Soybean South

 - Disease Control -

The ‘Other’ Pathogens

Besides rust, several major soybean diseases can cause economic
damage to southern soybean crops. Look for symptoms, obtain a
correct diagnosis and treat accordingly.

 

By Carroll Smith

As a “new” disease that moved into the United States in 2004, Asian soybean rust has been in the spotlight for the past 18 months. However, other soybean diseases, which also cause decreased yields and loss of revenue, should not be ignored or forgotten.

Dr. Melvin Newman, plant pathologist at the University of Tennessee, says there are “at least four major diseases that Tennessee producers should fear: stem canker, sudden death syndrome, soybean cyst nematode and frogeye leaf spot.”

Newman says stem canker kills soybean plants from mid-season to maturity.

“Dead plants with dried leaves still attached may be the first indication to the producer of the diseases’s presence,” he notes. “Usually a brown, slightly sunken lesion girdles the stem at the base of a lower branch or leaf petiole. Typical leaf symptoms are interveinal chlorosis and necrosis.”

The plant pathologist estimates that soybean yield reductions can range from 50 to 90 percent with susceptible cultivars, depending on the environmental conditions.

The second major disease is sudden death syndrome (SDS), whose symptoms are much like stem canker’s.

“Instead of remaining attached, leaves exhibiting SDS symptoms fall prematurely, leaving the petioles attached,” Newman says. “Lower stems and roots are more discolored near maturity, with the pith remaining normally white. Lateral and tap roots are typically severely rotted at maturity, making it easy to pull the plants from the soil.” One difference to be aware of, Newman says, is that SDS is usually localized in the field, while stem canker usually attacks an entire field or area.

Soybean cyst nematode is another disease that can show up in your soybean crop.

“Infested fields usually show round to oval patterns of stunted and/or yellowed, unthrifty plants,” Newman says. “Infested roots have very small, white or yellow cysts loosely attached. The cyst can easily be seen on the roots of susceptible cultivars 30 to 35 days after germination of the seed.”

Frogeye leaf spot is typically a foliar disease, but it can also infect stems, pods and seeds.

“After mid-season, minute, reddish-brown, circular to angular spots first appear on the upper leaf surface,” Newman says. “As the lesions enlarge with age, the central area becomes olive-gray or ash-gray, surrounded by a narrow, dark, reddish-brown border. Older spots become very thin, often paper-white and translucent.”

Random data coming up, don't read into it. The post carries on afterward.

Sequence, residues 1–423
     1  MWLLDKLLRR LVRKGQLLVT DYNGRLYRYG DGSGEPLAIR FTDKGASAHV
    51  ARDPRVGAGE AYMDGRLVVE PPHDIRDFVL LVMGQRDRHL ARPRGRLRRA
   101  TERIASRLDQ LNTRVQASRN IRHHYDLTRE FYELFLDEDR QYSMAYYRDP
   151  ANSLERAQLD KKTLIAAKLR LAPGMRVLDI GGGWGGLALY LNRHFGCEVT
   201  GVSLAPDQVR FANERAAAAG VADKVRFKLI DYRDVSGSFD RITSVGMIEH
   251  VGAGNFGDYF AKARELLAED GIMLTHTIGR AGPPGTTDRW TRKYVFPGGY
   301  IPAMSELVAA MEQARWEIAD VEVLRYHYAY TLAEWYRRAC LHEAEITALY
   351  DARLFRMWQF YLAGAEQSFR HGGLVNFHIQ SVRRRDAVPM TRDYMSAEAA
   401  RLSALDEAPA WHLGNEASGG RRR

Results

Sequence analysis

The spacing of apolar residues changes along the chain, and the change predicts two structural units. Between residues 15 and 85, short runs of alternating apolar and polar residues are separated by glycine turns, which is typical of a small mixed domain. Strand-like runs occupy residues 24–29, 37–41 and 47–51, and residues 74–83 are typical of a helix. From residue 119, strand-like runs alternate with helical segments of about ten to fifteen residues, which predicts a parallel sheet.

Plant sampling
Because the symptoms of these diseases are very similar, a correct diagnosis may require an experienced opinion. If someone can’t come to your field, another option is to collect plant samples yourself.

According to the Southern Soybean Disease Workers (SSDW), collect both healthy and diseased plant tissue for comparison purposes. The SSDW is an organization made up of pathologists, nematologists, Extension scientists, industry personnel and private consultants.

“Suspect plants that are already dead are generally of little value,” they say. “Whole plants are best because leaf symptoms may be caused by damage to the stem or roots. After the sample is collected, protect it from deterioration and take it to the professional as soon as possible.

“Place the sample in a plastic bag and store in an ice chest or refrigerator to prevent drying,” they add. “Do not place the specimen in direct sunlight or near extreme heat.”

The final step in the sampling process, according to SSDW, is to include information about your cultural practices, pesticide applications and cultivar that will be useful in making a correct diagnosis.


Promote Plant Health To Maximize Yield And Quality

By gaining a better understanding of the physiology of soybean and corn plants, BASF researchers have discovered that a few key factors are critical to the overall health of the plant – factors that ensure healthier, more productive plants:
• Foliar disease control.
• Efficient plant growth.
• The ability of the plant to withstand stresses throughout the growing season.

According to BASF, growers who protect their soybean and corn plants from foliar diseases with Headline fungicide also realize additional plant growth and stress tolerance benefits.

These factors contribute to maximizing the yield and quality potential of the crop.

Headline fungicide, which was registered for use on soybeans and corn in December 2004, is in the strobilurin family and is active on the major foliar diseases in soybeans.

BASF says disease control is the foundation of the Plant Health advantage.

According to Greg Stapleton, BASF, “The R3 stage is where the soybean plant needs to be to apply Headline. It’s important to control diseases first, then the benefits from that help increase your yields.”

To achieve the best results with Headline fungicide, Stapleton says growers should remember the acronym ACT – adjuvant + coverage + timing.

BASF says that another key factor in Plant Health is stress tolerance. By controlling disease with Headline, the company notes that plants improve their own natural defenses, reducing leaf loss and minimizing the adverse impact of plant response to drought.

BASF contributed information for this sidebar.